Just as the start of pét-nat was winemaking friends in the Loire, in this country young and sustainability-conscious small producers are its champions.

Pét-nat has proved alluring to a new generation of wine consumers looking to find their niche by supporting more natural and sustainable winemaking and lower levels of alcohol. These wines appeal as being exclusive, non-mainstream and non-commercial – almost counter-cultural wines.

They still have that edgy underground feel, despite growing popularity. For how long they remain underground is hard to say as Dan Murphys now has an online section dedicated to pét-nat.

The revolution of these crazy, cloudy, ancient, rustic and funky wines is not for everyone, unless you happen to be a cool kid.

The Tasting

Two examples of pét-nat were subjected to inspection to see what all the fuss was about.


The first was the Ragana Il Mostro 2020 Terre di Chieti Bianco Frizzante IGT, which was the colour of cloudy apple juice in the bottle and had the most beautiful label for a self-proclaimed monster of a wine. Pouring into the glass there was a volcano of fizz which quickly dissipated and showed large and languorous beading rising to the surface of the wine. The nose was a wild mix of lime and brioche and an undercurrent of danger.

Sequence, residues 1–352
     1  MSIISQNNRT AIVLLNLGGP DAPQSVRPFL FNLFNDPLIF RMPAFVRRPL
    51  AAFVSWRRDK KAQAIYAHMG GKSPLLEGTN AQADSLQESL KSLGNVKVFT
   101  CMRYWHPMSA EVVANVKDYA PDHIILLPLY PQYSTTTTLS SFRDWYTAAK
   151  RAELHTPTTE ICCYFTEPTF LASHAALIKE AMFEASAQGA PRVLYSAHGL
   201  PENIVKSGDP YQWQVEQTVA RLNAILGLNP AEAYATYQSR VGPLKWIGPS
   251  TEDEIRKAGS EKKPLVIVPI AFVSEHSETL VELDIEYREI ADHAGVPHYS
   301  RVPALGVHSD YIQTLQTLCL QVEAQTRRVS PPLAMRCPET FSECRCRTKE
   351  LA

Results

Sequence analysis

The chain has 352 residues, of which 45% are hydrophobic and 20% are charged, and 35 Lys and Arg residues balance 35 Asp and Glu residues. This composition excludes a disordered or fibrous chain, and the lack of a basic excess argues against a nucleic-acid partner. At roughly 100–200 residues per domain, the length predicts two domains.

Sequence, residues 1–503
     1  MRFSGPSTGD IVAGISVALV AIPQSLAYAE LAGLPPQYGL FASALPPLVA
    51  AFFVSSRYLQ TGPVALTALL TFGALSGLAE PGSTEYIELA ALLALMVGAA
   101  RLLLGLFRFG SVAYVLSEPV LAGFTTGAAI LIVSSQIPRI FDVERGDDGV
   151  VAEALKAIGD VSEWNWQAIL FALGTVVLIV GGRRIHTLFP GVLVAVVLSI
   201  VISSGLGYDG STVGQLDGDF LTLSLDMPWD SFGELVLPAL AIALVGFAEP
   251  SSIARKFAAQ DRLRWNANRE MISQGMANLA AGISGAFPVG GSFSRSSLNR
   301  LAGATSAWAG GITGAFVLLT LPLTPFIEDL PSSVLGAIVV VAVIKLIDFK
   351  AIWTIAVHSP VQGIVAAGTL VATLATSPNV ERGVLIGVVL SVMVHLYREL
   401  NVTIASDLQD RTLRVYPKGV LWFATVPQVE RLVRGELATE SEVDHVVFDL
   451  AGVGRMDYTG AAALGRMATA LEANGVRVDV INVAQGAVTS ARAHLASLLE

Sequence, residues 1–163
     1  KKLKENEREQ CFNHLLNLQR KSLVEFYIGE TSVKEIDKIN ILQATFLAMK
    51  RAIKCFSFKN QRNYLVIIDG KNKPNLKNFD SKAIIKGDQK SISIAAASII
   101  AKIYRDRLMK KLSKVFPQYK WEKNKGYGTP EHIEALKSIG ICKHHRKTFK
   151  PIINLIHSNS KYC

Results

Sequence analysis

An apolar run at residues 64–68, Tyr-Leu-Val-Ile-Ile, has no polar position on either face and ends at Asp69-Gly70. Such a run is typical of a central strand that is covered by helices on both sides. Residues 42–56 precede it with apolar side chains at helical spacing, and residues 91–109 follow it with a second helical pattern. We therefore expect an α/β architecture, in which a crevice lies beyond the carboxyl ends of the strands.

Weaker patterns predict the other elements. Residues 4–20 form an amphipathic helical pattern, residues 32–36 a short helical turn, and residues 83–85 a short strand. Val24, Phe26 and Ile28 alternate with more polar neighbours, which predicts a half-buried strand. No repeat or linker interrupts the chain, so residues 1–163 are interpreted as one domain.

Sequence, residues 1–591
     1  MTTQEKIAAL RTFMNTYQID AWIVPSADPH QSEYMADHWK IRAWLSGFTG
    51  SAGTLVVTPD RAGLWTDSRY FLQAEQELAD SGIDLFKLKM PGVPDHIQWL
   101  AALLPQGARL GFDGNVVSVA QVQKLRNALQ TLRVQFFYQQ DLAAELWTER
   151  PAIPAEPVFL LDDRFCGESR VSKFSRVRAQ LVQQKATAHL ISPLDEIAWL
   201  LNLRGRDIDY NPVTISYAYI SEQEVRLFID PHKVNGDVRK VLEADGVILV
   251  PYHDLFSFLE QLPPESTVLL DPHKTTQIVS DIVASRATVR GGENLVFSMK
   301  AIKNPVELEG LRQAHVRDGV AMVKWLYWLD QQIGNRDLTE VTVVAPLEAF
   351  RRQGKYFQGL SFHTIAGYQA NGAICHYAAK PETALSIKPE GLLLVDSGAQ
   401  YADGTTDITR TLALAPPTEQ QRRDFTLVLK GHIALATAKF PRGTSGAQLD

The palate was remarkable. It commenced with a forward spritz on the attack followed by a more restrained almost sherbet-like fizz on the tongue. The flavours were quite complex but unorthodox, it was dry and with a cider-like note showing earthy forest floor and tobacco initially. There was a slight hint of fruit into the long palate but it was a truly rustic and unique experience. Certainly not a bad wine, but a different world completely from a Soave or Pinot Grigio.

The second was the local hero, Range Life 2020 Pet Nat Victoria Chardonnay, where the wine in the bottle had a distinctive cloudy colouring. In the glass, it was the colour of straw with haze and possessed a very slow popping beading rising for air. The nose was more orthodox than the Italian example but it still possessed the wild abandon of a heady mix of sweet peach sundae and porcini mushroom.

On the palate, there was an initial hit of acid upfront followed by a burst of fizzy bubbles and a tang in the mouth. This gave way quickly to a building impression of crisp early season stone fruit flavours cut by a thrust of lime and a final lingering clean and bready finish. A wild colonial wine with echoes of Victorian chardonnay but really from another planet entirely. Remarkable and thoroughly different.

The two wines were challenging to examine and compare as they hark back to more ancient winemaking and flavours to which modern consumers are not accustomed. On the day, the Range Life was preferred over the truly other-worldly Monster.

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One Response

  1. A nice enough article, but I doubt the author has much credibility or experience in wine. What kind of name is Matt Dunn? Surely that is a pseudonym? And, who are the cool kids, I doubt your so-called ‘Matt Dunn’ has ever met them?